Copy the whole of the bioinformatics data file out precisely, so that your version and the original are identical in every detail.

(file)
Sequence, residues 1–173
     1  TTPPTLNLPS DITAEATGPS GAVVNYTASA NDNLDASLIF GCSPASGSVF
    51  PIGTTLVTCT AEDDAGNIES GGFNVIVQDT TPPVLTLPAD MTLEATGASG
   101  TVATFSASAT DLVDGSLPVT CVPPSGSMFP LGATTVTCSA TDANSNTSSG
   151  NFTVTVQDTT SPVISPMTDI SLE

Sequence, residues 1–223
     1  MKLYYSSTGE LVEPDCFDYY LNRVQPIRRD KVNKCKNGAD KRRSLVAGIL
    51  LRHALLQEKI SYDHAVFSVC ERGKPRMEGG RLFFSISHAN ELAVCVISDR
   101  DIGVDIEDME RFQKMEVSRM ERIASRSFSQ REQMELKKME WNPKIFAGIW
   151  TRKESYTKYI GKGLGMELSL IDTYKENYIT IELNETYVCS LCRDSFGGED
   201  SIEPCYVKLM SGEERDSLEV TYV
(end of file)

Sequence, residues 1–173
     1  TTPPTLNLPS DITAEATGPS GAVVNYTASA NDNLDASLIF GCSPASGSVF
    51  PIGTTLVTCT AEDDAGNIES GGFNVIVQDT TPPVLTLPAD MTLEATGASG
   101  TVATFSASAT DLVDGSLPVT CVPPSGSMFP LGATTVTCSA TDANSNTSSG
   151  NFTVTVQDTT SPVISPMTDI SLE

Sequence, residues 1–223
     1  MKLYYSSTGE LVEPDCFDYY LNRVQPIRRD KVNKCKNGAD KRRSLVAGIL
    51  LRHALLQEKI SYDHAVFSVC ERGKPRMEGG RLFFSISHAN ELAVCVISDR
   101  DIGVDIEDME RFQKMEVSRM ERIASRSFSQ REQMELKKME WNPKIFAGIW
   151  TRKESYTKYI GKGLGMELSL IDTYKENYIT IELNETYVCS LCRDSFGGED
   201  SIEPCYVKLM SGEERDSLEV TYV